Pools scolded over poor marketing

The Western Producer takes a weekly look at some of the stories that made headlines in issues of the paper from 75, 50, 25 and 10 years ago.

75 years ago: Oct. 31, 1940

University of Saskatchewan professor K.W. Gordon challenged young farmers to start a campaign to solve agricultural problems. He urged them to take a scientific approach to their profession and learn everything they could about how to improve their fields. The proper cultivation of the land and the protection of this Canadian asset was part of the business of protecting democracy, he added.

Alberta sheep breeders were warned against expanding their industry too rapidly. Instead, they should concentrate on quality, W.S. Benson, the western representative of the Canadian Co-operative Wool Growers’ Association, told the breeders’ meeting in Calgary.

50 years ago: Oct. 28, 1965

Saskatchewan Wheat Pool directors expressed concern over “the apparent inability of Canada’s grain handling system to meet export targets for the 1965-66 crop year.” SWP terminals could have handled 20 to 25 percent more grain since Aug. 1 if boxcars had been available, they said during a tour of its terminal at the Lakehead.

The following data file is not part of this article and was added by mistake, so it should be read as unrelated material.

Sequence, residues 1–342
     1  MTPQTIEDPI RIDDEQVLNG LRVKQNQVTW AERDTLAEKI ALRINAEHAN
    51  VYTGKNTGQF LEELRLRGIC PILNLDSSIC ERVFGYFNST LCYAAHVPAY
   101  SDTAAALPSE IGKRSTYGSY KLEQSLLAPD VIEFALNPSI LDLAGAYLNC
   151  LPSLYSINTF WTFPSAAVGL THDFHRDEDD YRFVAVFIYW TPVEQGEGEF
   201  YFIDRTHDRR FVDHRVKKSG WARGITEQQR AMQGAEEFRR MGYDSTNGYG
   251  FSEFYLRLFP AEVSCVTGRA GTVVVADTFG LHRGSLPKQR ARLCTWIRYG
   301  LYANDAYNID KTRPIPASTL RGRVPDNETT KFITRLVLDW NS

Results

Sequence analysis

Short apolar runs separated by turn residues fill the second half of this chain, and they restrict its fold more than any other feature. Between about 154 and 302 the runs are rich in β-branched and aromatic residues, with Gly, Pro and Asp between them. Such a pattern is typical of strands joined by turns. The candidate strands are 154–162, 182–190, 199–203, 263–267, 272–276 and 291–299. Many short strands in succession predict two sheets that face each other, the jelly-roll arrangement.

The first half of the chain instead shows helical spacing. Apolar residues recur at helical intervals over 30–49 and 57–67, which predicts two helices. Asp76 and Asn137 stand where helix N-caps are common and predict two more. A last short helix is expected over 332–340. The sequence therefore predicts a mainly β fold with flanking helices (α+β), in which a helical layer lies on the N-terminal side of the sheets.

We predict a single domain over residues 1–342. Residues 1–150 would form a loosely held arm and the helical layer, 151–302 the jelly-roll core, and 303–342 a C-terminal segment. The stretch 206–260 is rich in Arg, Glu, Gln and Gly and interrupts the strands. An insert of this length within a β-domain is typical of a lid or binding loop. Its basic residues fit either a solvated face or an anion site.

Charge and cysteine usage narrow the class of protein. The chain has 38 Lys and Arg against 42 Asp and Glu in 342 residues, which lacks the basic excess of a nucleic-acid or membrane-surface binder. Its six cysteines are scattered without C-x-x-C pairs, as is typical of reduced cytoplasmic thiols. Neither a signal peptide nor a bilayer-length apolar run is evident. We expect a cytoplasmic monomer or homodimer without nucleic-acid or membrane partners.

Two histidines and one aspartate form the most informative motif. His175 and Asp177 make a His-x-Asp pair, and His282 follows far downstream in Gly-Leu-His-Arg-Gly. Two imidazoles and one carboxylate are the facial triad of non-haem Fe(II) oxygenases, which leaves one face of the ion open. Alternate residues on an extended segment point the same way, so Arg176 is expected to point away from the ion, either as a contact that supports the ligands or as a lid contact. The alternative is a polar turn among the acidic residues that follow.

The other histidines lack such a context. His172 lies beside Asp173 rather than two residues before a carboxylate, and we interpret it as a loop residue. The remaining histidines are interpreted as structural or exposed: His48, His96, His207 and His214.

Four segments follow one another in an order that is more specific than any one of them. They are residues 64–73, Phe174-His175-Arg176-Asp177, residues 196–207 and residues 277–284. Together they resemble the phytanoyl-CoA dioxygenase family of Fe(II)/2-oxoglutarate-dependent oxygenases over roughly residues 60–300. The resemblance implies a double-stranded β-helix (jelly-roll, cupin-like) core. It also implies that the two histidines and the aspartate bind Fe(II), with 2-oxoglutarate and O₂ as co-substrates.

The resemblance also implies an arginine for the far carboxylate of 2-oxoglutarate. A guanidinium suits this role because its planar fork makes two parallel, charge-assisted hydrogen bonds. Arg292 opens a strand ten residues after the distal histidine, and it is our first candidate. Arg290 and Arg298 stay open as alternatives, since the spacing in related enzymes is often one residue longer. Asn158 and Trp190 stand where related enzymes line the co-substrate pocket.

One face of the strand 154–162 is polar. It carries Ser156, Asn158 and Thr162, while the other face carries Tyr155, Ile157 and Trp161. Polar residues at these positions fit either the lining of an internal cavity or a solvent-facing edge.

Former Progressive Conservative agriculture minister Alvin Hamilton from Saskatchewan chastised the prairie wheat pools for not making an effort to sell wheat.

“The big pools, which were formed to sell wheat, don’t sell a bushel,” he said.

“They just sit there and collect storage.”

25 years ago: Nov. 1, 1990

Applications for interest free cash advances went from a trickle to a flood in late October. The Canadian Wheat Board had re-ceived 8,000 applications for cash advances between Aug. 1 and Oct. 18, but then the federal government made the advances interest free again under pressure from farm groups, and applications jumped to 1,700 a day Oct. 22 and Oct. 23 and close to 2,000 Oct. 24. Ottawa had said the interest free loans were no longer needed because farmers didn’t use them.

Alberta Wheat Pool’s net earnings dropped to $5.91 million from $13.3 million the previous year.

The co-operative planned a “line by line” examination of its finances.

10 years ago: Oct. 27, 2005

Concerns about a potential avian flu outbreak forced the cancellation of an international bird show at FarmFair International in Edmonton. Organizers were under pressure from heightened media attention, the public and Alberta’s chicken producers as the deadly virus wreaked havoc in Asia and made an appearance in Europe.

Percy Schmeiser, the Bruno, Sask., farmer who had recently lost a high profile court case to Monsanto over illegal production of Roundup Ready canola, was now accusing the company of again allowing volunteer Roundup Ready canola plants to grow in his fields.

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